Author: Alena Buis
Author: Associate Professor Emeritus Bruce Schwabach
Description: History of Art Survey course covering from prehistoric art to the Italian Renaissance.
Author: Associate Professor Emeritus Bruce Schwabach
Authors: ART480 Art Honors Fall 2020
Description: This chapbook is result of the collective efforts of nineteen students in ART480: Art Honors at the University of Washington Seattle. In the fall of 2020, each of these students is beginning senior year, and with that a journey of artistic transformation. This journey takes each individual on an exploration of their own artistic modus operandi. Throughout the quarter, these young artists are thinking with heightened scrutiny about the creative process in visual arts, and doing so from a position of self-reflection.
This fall is also a painful and complicated time during a globally raging corona virus pandemic that has stretched resources and patience, forced us off campus, out of the studios of the art building and into a permanent position of waiting. So much of our personal interactions has become confined to the computer screen, while our societies are coming to a reckoning with intertwined legacies of colonialism, slavery, and systemic racism. This fall is also the near-conclusion of a drawn-out national election that has severely challenged the democratic state, while signs of an impending climate catastrophe continue to press forward unchecked, irreversibly destroying our natural environment.
This is the backdrop for a class full of visual artists to have a conversation about why we make, how we work, and how the creative process unfolds. What makes each of us get up in the morning and push forward with generating new images, objects, and experiences. Yes, for ourselves, but also, and most importantly, for others. What inspires us, what excites us, and how to begin understanding one’s creative habits deeper. For 11 weeks, we would come together in class as a community to discuss, to share, to make, to talk with artist guests, and to ask difficult questions from ourselves. As a record of these dialogues, as an artifact of the ongoing self-exploration, each student created a chapter for this chapbook by journaling their way through the quarter, using past and current artwork examples, while also candidly reflecting on personal inspirations, studio habits, and on the individual challenges and rewards of engaging with art making.
The sum of these first person accounts is a wholesome picture of the contemporary art making process, in all its conviction and its uncertainty. In all of its sacred solitude, but also in its very communal nature. No matter if one is just starting out, or has been on this professional path for decades. We can’t help but to be part of the moment, and we contribute to this moment by sharing not only what we made, but also what we are thinking.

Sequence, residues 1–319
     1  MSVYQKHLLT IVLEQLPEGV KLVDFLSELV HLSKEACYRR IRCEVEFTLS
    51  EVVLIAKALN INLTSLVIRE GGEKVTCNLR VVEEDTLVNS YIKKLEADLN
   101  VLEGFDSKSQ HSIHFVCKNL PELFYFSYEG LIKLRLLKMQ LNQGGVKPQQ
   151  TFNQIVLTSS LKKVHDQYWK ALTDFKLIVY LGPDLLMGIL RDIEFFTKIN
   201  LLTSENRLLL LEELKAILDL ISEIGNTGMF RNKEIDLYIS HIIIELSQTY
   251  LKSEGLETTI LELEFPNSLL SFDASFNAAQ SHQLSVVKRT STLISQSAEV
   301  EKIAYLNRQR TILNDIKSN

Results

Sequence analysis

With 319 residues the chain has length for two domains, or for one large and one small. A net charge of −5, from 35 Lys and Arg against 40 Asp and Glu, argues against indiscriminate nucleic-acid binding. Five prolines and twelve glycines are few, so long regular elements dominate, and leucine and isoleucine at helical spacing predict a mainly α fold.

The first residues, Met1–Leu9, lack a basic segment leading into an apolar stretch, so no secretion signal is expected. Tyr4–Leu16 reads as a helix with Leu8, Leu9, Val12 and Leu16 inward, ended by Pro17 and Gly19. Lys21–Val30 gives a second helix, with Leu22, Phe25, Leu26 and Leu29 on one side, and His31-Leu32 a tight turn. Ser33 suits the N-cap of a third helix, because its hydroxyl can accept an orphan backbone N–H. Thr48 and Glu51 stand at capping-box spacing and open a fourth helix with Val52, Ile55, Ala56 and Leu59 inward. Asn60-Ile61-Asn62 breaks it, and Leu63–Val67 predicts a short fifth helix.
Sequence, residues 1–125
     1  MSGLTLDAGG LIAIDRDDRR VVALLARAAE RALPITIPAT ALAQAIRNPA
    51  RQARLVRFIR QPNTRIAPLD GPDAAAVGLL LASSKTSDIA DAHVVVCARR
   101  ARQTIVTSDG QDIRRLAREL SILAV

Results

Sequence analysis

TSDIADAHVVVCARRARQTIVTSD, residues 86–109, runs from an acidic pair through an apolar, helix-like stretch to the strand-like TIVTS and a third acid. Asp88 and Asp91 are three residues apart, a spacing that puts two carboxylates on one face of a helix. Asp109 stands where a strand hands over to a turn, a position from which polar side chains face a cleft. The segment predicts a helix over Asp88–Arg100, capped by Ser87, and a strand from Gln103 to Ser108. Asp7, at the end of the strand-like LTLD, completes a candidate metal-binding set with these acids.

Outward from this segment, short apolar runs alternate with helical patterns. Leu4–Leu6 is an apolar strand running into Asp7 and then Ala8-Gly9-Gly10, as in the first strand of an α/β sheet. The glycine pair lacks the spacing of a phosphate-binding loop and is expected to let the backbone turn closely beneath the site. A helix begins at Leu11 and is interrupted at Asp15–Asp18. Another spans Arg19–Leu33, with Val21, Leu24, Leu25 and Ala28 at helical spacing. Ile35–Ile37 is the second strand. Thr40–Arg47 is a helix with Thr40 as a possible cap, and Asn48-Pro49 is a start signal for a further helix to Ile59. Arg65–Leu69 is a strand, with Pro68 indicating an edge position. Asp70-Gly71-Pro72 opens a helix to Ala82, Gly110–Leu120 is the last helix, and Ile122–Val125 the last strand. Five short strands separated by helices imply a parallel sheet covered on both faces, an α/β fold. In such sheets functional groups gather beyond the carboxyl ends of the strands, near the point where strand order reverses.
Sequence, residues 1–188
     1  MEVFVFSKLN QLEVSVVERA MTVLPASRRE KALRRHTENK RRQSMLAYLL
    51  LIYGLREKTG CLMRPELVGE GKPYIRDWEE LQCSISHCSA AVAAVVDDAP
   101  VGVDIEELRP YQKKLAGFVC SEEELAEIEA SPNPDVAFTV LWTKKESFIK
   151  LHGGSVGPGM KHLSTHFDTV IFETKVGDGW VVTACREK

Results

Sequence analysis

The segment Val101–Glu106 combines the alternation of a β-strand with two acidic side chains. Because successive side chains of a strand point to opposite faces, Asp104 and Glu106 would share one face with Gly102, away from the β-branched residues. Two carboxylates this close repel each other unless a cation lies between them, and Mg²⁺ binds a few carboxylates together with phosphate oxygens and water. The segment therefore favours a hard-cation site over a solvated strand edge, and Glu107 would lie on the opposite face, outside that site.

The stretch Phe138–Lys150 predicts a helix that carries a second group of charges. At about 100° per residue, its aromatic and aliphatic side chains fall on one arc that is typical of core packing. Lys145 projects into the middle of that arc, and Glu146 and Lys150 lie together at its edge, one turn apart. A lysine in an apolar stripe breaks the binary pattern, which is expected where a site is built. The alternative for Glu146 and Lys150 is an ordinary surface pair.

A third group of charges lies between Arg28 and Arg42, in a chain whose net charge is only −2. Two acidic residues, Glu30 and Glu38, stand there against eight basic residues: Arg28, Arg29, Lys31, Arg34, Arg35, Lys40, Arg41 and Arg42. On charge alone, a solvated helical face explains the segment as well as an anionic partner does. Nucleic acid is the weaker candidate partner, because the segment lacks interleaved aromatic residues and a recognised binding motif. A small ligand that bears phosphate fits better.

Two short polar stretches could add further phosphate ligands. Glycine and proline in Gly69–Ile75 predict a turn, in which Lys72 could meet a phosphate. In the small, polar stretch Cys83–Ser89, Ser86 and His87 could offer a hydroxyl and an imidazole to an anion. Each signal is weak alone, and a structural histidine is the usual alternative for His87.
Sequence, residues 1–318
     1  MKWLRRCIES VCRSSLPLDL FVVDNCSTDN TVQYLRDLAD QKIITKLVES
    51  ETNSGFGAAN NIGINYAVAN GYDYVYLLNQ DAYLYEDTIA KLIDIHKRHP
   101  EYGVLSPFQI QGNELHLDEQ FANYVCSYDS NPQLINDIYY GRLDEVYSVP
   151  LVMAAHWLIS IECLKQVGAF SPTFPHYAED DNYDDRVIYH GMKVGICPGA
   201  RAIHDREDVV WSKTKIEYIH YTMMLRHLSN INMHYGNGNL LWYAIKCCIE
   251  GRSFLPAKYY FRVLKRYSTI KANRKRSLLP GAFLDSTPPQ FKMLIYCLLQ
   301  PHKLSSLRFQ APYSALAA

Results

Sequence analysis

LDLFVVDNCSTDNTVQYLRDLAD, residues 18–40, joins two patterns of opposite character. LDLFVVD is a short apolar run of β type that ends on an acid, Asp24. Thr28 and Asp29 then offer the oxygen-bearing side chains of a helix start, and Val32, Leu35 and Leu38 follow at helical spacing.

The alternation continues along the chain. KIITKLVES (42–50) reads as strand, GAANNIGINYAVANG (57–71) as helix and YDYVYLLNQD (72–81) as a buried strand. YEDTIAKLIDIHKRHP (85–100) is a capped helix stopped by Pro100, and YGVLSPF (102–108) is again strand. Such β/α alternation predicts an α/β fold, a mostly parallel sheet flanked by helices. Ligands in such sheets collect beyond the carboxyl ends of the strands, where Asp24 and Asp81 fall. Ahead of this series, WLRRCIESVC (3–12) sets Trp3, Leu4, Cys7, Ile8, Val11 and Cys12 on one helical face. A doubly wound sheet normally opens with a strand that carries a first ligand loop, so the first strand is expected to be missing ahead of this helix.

Author: Ed Fosmire, Santa Ana College
Description: This is a community course developed by an Achieving the Dream grantee. They have either curated or created a collection of faculty resources for this course. Since the resources are openly licensed, you may use them as is or adapt them to your needs.
Description: Twenty students from a wide variety of majors, including the sciences, humanities, health and medicine, as well as engineering, architecture, and design comprised our vibrant and engaged learning community. We started the quarter by imaginary visits to two important art schools, the German Bauhaus (1919-1933) and the Black Mountain College, located near Asheville, North Carolina (1933-1957). The students co-created participatory collaborative exercises based on the experiential learning principles developed by and practiced at these schools.
Throughout the course, we considered craft and art not as nouns, but as verbs, related the practiced maker’s hand to the process aided by technological tools, and focused on the language of the materials, and the personal, cultural, historical narratives that they help to reveal. We contemplated how individual threads hold the fabric together and transform that, and how individual narratives coalesce into larger histories that signify and hold together communities. We strived to explore and understand both the historical past and the innovative present and future by specifically focusing on needlework (sewing, embroidery, and quilts) during the 1920 and ‘30s (women suffrage movement), the 1970s and ‘80s (second wave of feminism, LGBTQ rights and HIV/AIDS crisis), and in the present. We also considered how new technologies, such as parametric design and 3D printing, introduce new paradigms for solving problems, designing, producing, and using objects. Of course, the effect of technology was inescapable for us in the class too, as it was for billions around the world during this global pandemic.
We made two projects. One, using needlework techniques and textile processes to tell a personal story of Waiting, and a second one, using Computer Aided Design (CAD) to create a Time Capsule which would be opened one hundred years from now. Throughout the quarter, the students researched a Bauhaus or Black Mountain College artist they had picked with the goal of reflecting on the artist’s work, biography, creative process, and ideas about making by drawing parallels to those of their own.